Advancements in the Accuracy of Genomic Selection (GS) in Norwegian Red Breeding Values

Time to read: ca 4 min

Empowering Farmers with Genomic Testing for Informed Breeding Decisions

Geno's Chief Technology & Innovation Officer, Håvard Tajet at Store Ree
Embracing genomic testing since June 2017 has dramatically improved the precision of breeding values for heifers and older cows. Photo: Torstein Kiserud

Article by: Håvard M. Tajet - Chief Technology & Innovation Officer, Geno SA & Norwegian Red

The size of the breeding progress is determined, among other things, by the accuracy of the breeding values. The accuracy of the genomic breeding values ​​was the big question before the genomic selection was implemented in the Norwegian Red (NR) breeding in February 2016.

Genomic Selection (GS) accuracy depends on several factors:

  •  Choice of Genomic Selection (GS) Methodology: Geno chose the top-tier "single-step" methodology, pioneering its use in cattle breeding worldwide.
  • Population Inbreeding Levels: The Norwegian Red (NR) breed faces a challenge here, as highly inbred populations tend to offer greater reliability. Fortunately, NR has a very low level of inbreeding.
  • Population Structure: NR maintains a robust population structure. Elite and test bulls have been evenly distributed across most herds, and no isolated subpopulations exist.
  • Phenotype Quality: The health recording system ensures exceptional data quality, meeting international standards.
  • Number and Linkage of Genotyped Animals: At implementation, approximately 18,000 animals in the NR population were genotyped. While not excessive, the genotyping of progeny-screened bulls significantly bolstered the system's effectiveness.

Geno currently incorporates approximately 220,000 genotyped animals into its breeding value calculations, a substantial number on the global stage for a breeding company. This increase in selection intensity, transitioning from 10-15 elite bulls out of 115 test bulls to 45 elite bulls from a pool of 8,000 preselected genotype candidates, has more than offset the decrease in accuracy associated with the bulls. Additionally, the generation interval has been reduced from 5.5 to 3 years, further contributing to these positive developments.

Increase in accuracy of genomic breeding values

With a substantial genotyping pool exceeding 200,000, it's no surprise that the accuracy of genomic selection (GS) breeding values has seen a remarkable improvement.

Figure 1 illustrates this enhancement in genomic accuracies for key traits such as milk quantity, protein percentage, fat percentage, and cell count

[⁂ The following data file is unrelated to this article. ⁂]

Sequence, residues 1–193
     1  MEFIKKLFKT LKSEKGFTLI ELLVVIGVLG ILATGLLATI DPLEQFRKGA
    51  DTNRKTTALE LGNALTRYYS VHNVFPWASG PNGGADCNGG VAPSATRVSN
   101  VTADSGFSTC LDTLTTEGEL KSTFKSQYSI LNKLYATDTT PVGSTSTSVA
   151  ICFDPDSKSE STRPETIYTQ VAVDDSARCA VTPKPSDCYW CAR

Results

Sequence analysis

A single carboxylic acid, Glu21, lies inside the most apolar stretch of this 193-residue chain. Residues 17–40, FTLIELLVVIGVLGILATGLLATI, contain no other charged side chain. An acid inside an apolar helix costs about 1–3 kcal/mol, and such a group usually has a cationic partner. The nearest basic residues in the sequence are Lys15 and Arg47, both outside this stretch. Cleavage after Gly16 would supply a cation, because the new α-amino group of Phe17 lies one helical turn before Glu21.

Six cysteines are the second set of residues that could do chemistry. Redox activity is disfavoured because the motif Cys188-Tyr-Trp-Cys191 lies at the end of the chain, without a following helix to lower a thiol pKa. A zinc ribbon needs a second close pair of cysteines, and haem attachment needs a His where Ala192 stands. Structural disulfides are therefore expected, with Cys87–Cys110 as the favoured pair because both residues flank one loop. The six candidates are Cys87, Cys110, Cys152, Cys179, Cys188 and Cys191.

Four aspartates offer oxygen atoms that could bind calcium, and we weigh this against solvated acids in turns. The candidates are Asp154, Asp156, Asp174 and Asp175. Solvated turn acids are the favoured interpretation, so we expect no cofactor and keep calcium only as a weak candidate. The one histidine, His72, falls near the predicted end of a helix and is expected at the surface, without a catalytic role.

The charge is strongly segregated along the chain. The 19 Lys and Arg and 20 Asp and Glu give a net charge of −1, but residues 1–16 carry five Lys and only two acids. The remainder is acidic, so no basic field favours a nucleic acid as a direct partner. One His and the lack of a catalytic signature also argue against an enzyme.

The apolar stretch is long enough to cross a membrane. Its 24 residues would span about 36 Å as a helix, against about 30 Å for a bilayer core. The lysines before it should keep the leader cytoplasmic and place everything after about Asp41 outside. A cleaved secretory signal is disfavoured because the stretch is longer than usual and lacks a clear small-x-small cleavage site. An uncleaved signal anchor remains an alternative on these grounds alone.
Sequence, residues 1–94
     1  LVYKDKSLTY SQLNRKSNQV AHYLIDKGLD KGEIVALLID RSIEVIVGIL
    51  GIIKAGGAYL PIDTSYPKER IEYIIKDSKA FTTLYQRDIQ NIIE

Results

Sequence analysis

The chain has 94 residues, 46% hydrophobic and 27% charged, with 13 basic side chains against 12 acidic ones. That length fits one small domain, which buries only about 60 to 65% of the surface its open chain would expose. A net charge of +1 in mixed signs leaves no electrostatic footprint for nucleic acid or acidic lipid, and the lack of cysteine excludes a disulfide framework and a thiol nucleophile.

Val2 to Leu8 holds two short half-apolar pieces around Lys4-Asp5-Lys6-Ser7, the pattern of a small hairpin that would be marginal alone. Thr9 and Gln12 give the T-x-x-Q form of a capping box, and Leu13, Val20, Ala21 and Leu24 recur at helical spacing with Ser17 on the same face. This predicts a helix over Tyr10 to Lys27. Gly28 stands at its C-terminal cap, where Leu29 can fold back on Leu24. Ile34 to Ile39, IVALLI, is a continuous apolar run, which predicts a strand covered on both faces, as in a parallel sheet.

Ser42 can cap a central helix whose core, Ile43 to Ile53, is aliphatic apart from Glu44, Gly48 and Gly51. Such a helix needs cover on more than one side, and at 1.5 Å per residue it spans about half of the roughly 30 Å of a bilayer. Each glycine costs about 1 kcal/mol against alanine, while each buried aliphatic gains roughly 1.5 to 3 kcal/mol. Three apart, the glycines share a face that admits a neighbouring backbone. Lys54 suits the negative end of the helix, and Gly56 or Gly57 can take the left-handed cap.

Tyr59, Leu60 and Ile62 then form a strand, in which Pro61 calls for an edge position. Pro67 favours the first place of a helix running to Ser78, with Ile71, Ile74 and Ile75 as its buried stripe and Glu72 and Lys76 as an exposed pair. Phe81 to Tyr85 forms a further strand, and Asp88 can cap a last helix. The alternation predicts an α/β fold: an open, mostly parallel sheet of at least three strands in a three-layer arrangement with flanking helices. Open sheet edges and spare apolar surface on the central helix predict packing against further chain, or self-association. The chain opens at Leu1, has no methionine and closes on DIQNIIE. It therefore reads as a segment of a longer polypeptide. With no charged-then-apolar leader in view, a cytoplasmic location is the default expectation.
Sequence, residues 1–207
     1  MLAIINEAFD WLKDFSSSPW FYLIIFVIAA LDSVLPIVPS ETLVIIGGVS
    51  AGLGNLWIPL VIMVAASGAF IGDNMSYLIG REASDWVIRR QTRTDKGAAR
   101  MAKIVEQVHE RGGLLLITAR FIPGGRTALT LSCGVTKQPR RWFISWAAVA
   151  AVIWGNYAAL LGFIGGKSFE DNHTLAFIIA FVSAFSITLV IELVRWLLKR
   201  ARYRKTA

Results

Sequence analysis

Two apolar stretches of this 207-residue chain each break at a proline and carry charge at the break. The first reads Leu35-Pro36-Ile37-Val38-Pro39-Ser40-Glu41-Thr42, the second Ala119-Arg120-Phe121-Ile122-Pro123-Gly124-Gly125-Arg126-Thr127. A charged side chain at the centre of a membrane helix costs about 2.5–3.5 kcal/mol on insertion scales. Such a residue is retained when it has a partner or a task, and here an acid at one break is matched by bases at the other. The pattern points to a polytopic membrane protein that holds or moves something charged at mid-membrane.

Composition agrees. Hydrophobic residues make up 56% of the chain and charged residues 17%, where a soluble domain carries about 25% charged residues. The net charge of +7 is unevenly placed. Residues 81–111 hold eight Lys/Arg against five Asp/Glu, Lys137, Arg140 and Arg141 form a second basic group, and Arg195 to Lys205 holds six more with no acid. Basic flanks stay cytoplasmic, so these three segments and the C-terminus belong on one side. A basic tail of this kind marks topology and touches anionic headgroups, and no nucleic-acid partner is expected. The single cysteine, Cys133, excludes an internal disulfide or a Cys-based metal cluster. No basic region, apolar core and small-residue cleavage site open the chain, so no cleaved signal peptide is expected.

The accuracies are established by examining the correlations between the GS breeding values of bulls before they sire any daughters and the values they reach after having at least 1,000 daughters with recorded observations (phenotypes).

For example, consider the enhancement in accuracy for milk quantity, which has surged from 0.6 to an impressive 0.8, marking a remarkable 33% increase. Likewise, for fat and protein percentages, accuracy has soared to 0.9, approaching levels typically observed in smaller groups of offspring. It's worth noting that there are very few bulls with no daughters after 2020 but more than 1,000 daughters by 2023. The full extent of accuracy in these cases will become more evident in the coming years. Nevertheless, there are strong indicators suggesting that the current breeding values in August 2023 will continue to grow in accuracy.

GS accuracy for other traits falls within the range of 0.7 to 0.85. While we've analyzed the development of accuracy for numerous traits, the scope of our findings exceeds what we can present in this article.


When it comes to exterior characteristics such as udder, teats, and legs, the accuracy in 2017 ranged from 0.3 to 0.65. By the calculation year 2020, these values had risen to levels between 0.6 and 0.8. As for the GS accuracies in 2020 for various traits, there are numerous properties to consider. It's reasonable to expect that, for young GS-tested calves in August 2023, these securities will lie within the range of 0.7 to 0.85.

Embracing genomic testing since June 2017 has dramatically improved the precision of breeding values for heifers and older cows. Prior to GS, significant selection was extremely challenging due to low accuracies. Today, by genotyping heifer calves just as we do with bull calves, we've made substantial progress. We strongly recommend that all milk producers establish efficient procedures for ordering genomic testing for female animals, preferably when they are young calves.

With a genomic test, farmers will gain an excellent foundation for crafting an effective breeding plan, selecting the right bull combinations, and making informed choices, such as using REDX on the best animals and beef cattle semen (possibly beef cattle Y-semen) on the others.